According to reports, Indian wind turbine maker Suzlon Energy Ltd. is planning to partner with Chinese utilities to help them invest in wind-power projects abroad, Chairman Tulsi Tanti said Wednesday.
Suzlon already has mandates from Chinese state-owned utilities to look for investment opportunities in Australia, the U.S., Brazil and South Africa, Mr. Tanti said in an interview on the sidelines of the World Economic Forum.
Mr. Tanti visualizes deals whereby Suzlon will build a wind farm in a foreign country backed by Chinese investment capital that sells power to a local grid company. Suzlon would sell the project to the Chinese investor once it is completed, but also collect payments from the Chinese investor for perhaps 20 years to operate the wind farm.
“We are bringing them to the outside because we are already connected to the rest of the world.”
No deals have been signed yet, but Suzlon is in talks with some of the largest state-owned utility companies, Mr. Tanti said, though he declined to name specific companies.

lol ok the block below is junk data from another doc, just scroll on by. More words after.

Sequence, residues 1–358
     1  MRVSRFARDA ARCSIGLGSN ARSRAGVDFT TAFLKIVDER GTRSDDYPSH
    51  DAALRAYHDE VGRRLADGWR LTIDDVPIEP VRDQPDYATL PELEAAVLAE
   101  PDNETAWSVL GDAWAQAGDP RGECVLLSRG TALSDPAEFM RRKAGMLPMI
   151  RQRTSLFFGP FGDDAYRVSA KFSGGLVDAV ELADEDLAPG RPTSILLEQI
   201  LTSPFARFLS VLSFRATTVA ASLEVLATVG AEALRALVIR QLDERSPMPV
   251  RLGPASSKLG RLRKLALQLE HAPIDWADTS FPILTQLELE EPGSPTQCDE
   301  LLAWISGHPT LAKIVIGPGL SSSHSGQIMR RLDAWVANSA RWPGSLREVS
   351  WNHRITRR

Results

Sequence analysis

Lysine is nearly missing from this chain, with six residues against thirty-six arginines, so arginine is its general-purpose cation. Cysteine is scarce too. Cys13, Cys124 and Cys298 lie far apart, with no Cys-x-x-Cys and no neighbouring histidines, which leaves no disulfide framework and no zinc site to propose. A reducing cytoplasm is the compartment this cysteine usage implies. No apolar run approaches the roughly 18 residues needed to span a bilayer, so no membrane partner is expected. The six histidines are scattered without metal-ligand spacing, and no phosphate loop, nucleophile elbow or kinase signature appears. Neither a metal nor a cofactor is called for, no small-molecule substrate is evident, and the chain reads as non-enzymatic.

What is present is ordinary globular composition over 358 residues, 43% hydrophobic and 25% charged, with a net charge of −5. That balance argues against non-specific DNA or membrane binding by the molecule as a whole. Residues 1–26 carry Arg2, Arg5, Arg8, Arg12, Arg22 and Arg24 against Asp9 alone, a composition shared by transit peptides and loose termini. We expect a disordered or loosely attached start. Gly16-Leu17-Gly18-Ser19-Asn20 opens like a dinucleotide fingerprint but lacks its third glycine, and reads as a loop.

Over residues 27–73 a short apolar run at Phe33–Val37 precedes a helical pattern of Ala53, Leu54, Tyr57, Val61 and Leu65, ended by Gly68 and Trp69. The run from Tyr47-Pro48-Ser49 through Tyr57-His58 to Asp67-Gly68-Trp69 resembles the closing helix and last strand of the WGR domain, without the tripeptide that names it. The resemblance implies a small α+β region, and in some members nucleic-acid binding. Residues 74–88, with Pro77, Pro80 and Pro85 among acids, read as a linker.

Within China, Suzlon has struggled to match its global market share, as it faces tough competition from local rivals. Mr. Tanti estimates that Suzlon’s wind-turbine market share in China is 2%-3%, compared with around 10% globally.
“Outside China we are either in the top three or top four in every market…here our number is 10. That’s the difference.”
Foreign critics have complained that the bidding process for wind and other alternative-energy projects in China is tilted towards domestic bidders, but Mr. Tanti disagreed, saying “the process is very transparent and there is no issue.”
He attributes Suzlon’s low China market share to the sheer size of the market and the company’s smaller production scale within China compared with domestic rivals.
Suzlon has two production facilities in China, in Inner Mongolia province and the northeastern city of Tianjin, which are running only at 60%-70% of full capacity.
Mr. Tanti said we wants to bring those plants to full capacity before expanding into other provinces. They should reach full capacity in the next financial year starting April 2012, he said.